“Jack’s Red Cross experience is an example of the generosity of spirit our volunteers show every day,” said Susan Gordos, who coordinates volunteers in support of blood drives and blood services across Ohio. “We have so many opportunities for people to give the gift of their time, to be sure life-saving blood is there when it’s needed.”

So, how about giving the gift of your time? The Red Cross of northern Ohio is always looking for blood donor ambassadors and blood transportation specialists.

As an ambassador, you’re the friendly face that greets donors, helps them sign in , and answers questions. You might even staff the canteen, like Jack, to chat with donors after they give blood.

Watch this video to hear from others about why they’ve volunteered in this role. Training is free, but the hospitality you provide is priceless.

Or you might find that being a blood transportation specialist is a good fit. These folks are a critical link, driving blood products to hospitals.

If you have a valid state driver’s license and at least three years of licensed driving experience, you are eligible to volunteer as a blood transportation specialist. You can choose regular routes, stand-by emergency deliveries or both. It’s a great opportunity for couples, friends or family members.

As Jack said, “Many of us are going to need blood, unfortunately. If you need it, the Red Cross has it, but everybody has to work together to make it happen.”

To take the first step of giving the gift of time, visit www.redcross.org/volunteertoday.

Have a happy, healthy holiday season. And may you have a rewarding 2023 – perhaps as a new Red Cross volunteer.

Edited by Glenda Bogar, Red Cross volunteer

Posted by Ryan Lang, Red Cross board member and volunteer

Donating to the American Red Cross this Giving Tuesday can double your impact

Every donation, no matter how small, helps save lives, as #HelpCantWait

By Tim Poe, American Red Cross volunteer

Tomorrow, November 29th is Giving Tuesday, a day which encourages and celebrates local giving, generosity, and humanity. This year, the need for charitable giving and the American Red Cross mission is as vital as ever. 2022 has been a year of crisis for families and communities here in Northern Ohio and throughout the world.

For this year’s Giving Tuesday, the Red Cross is issuing a matching gift opportunity for all donations made at redcross.org. Sponsored by the Coca-Cola Company, all donations made – regardless of designation – will be matched dollar for dollar up to $250,000.

Even small donations have a major impact. A donation made through redcross.org can be as little as $10, yet provides tremendous hope in a time of crisis or helps prevent disaster. A few examples include providing a smoke alarm and fire safety education; aiding someone to learn CPR; assisting a family with a meal, supplies, and safe place to stay after a home fire; helping someone receive a lifesaving blood transfusion; and aiding a family contact a deployed member of the military during an emergency.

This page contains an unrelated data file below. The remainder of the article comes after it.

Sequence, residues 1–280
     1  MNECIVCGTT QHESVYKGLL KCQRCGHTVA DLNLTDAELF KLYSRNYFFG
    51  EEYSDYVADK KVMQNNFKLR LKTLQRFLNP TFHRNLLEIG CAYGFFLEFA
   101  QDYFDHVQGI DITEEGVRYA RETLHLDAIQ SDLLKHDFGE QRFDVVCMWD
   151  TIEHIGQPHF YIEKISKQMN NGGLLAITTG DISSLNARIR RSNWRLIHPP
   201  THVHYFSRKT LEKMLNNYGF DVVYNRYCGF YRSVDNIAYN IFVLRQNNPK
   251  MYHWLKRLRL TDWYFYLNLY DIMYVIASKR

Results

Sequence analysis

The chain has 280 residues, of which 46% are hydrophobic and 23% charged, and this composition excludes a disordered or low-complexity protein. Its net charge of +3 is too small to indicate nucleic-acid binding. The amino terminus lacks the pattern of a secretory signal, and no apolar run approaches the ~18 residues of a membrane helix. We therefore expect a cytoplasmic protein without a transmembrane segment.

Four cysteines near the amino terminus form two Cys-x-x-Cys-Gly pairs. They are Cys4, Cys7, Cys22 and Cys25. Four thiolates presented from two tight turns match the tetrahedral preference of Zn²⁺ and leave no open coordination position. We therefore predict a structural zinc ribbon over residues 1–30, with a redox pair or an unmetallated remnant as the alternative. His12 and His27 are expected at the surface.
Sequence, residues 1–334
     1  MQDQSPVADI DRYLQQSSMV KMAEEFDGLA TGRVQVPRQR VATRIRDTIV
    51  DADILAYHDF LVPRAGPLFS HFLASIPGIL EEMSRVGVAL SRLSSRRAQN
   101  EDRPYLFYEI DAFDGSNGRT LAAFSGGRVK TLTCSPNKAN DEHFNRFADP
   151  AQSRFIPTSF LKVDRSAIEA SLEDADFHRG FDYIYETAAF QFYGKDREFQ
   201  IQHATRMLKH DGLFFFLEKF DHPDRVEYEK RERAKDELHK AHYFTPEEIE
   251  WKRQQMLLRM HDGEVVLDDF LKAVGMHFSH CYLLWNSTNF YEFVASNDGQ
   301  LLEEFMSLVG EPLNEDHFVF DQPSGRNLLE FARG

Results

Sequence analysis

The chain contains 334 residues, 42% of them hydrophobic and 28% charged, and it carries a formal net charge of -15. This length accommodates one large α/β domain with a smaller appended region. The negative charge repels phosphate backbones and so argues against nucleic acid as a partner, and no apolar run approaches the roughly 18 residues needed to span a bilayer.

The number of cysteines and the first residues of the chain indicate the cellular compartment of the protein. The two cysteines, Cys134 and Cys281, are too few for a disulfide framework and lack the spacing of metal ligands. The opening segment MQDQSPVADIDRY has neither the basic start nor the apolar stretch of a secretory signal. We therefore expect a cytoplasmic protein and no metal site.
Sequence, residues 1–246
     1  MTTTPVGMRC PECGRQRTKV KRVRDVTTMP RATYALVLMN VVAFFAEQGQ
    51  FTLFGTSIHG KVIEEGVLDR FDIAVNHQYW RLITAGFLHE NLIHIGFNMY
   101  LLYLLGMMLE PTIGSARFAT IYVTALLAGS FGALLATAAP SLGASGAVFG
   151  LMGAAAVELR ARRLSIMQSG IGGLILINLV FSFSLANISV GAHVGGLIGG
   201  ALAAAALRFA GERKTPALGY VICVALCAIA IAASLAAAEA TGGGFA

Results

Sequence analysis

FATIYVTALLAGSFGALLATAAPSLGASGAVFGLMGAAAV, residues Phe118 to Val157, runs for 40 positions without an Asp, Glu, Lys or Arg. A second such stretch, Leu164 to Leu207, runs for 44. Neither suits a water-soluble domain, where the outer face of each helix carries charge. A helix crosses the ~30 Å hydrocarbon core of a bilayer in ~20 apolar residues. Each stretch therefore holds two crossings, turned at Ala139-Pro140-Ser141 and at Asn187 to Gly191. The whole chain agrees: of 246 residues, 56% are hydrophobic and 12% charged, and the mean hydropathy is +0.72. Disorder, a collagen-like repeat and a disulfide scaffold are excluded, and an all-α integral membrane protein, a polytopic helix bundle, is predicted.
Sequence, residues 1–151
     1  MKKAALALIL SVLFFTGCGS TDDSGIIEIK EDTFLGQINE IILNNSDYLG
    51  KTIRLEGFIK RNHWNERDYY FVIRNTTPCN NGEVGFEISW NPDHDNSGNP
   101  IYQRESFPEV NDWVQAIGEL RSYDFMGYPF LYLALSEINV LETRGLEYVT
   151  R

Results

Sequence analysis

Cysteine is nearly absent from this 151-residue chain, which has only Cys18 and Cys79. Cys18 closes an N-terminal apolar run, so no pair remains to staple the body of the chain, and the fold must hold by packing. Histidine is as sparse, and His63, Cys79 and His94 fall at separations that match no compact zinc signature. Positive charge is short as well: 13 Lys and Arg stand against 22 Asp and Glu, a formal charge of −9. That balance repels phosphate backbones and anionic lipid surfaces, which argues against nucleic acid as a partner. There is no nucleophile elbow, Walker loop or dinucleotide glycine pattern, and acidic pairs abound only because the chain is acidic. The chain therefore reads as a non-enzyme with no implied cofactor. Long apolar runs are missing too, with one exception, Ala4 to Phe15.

In addition to donating at redcross.org, you can text “REDCROSS” to 90999 and give $10 to American Red Cross Disaster Relief, which will appear on your wireless bill, or call 1-800- HELP NOW (1-800-435-7669).

As a Red Cross volunteer in various capacities, I can attest to the impact these donations have on people’s lives, as I have often seen the moment when people who have experienced a disaster realize they have support, that others care, that they will be able to recover and move on.

And help is needed. The climate crisis is increasing the frequency and intensity of natural disasters. So far in 2022, the Red Cross has responded to 15 billion-dollar disasters, more than twice the number that struck annually two decades ago. Internationally, global conflict and Africa’s hunger crisis have devastated millions, and the Red Cross has provided humanitarian aid in more than 108 countries this year.

Last January, the Red Cross experienced its worst blood shortage in over a decade, due to ongoing collection challenges and varied hospital demand during the pandemic. While the crisis was overcome, thanks to generous blood donors, the need for blood is constant. Hospitals in northern Ohio, as everywhere, need a reliable supply of blood to aid those in an accident, parents with complicated childbirths, individuals battling cancer, and people with sickle cell disease.